Extracted from a traditional watch night service, “Watchman” re-enacts the type of prayer that takes place in the church on New Year’s Eve, where prayers are held until midnight. Recorded in her home, White notes Rosa Murray’s steady-tempoed performance, which allowed for the arrangement to take on a stylish contemporary outfit with mixed meter bars and bell tones. The watchnight traditions harken back to Reconstruction, which Ron Daise alludes to while reciting the Emancipation Proclamation against Baxter’s drum solo. “Cheraw” is a tribute to the South Carolina-born jazz hero Dizzy Gillespie’s hometown. Featuring Charleston native and trumpeter Charlton Singleton, the tune references several compositions within the jazz hero’s vast catalog. The ensemble is pared down to a quintet for the album’s most straight ahead selection, “Prayed Up.” Here, Rosa discusses a rite-of-passage in the Gullah community: going out into the wilderness in order to experience a successful vision.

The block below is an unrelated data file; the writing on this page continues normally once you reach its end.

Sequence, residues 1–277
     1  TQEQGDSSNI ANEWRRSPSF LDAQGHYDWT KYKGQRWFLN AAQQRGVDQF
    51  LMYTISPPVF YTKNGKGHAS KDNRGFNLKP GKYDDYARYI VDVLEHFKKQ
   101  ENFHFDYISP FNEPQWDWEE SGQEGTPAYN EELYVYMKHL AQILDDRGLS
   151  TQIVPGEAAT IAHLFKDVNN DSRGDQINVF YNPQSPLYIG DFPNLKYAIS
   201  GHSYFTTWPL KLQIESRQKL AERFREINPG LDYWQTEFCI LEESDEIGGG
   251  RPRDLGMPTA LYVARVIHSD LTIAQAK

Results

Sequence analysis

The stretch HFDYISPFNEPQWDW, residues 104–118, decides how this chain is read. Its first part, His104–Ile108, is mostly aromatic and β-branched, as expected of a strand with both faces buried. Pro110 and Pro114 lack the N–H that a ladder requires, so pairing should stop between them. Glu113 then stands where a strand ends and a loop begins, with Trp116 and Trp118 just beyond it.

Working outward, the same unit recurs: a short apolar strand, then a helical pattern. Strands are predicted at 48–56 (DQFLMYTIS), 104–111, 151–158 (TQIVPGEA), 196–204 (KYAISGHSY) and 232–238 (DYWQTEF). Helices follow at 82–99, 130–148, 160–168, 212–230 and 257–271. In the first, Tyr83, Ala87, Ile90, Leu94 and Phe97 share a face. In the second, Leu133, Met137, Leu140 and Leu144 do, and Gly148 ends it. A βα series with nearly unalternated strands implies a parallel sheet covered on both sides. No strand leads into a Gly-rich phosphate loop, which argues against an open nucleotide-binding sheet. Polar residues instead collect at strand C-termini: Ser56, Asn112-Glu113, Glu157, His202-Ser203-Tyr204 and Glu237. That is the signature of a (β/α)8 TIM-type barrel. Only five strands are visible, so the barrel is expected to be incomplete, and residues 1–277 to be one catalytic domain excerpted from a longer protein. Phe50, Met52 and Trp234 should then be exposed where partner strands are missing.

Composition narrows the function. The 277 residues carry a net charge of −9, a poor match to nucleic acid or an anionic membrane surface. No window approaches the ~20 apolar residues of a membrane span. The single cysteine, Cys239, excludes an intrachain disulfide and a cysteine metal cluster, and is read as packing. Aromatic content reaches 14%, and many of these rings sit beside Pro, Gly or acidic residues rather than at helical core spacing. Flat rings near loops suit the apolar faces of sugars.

To resolve this sweeping enterprise, White identifies the most recognizable Gullah hymn “Kumbaya”, which translates to “Come By Here”, at the close of Lowcountry. The comprehensive arrangement incorporates a traditional shout rhythm as an entryway, which progresses through the styling of shifting string harmonies, layered pizzicatos and an extended flugelhorn solo. White adds: “I don’t think you can do a Gullah album without some type of reference to this song, and I think this is a unique take and a great way to close out the album while keeping a feeling of the story continuing.”
1. The Wall Street Journal: "Southern Stories Renewed Through Jazz"
2. Jazziz Magazine: Review
3. Textura: Review
4. Glides Magazine: Review
5. The Post and Courier: Gullah-Geechee musicians, storytellers reimagine ‘the old songs’ on album ‘Lowcountry’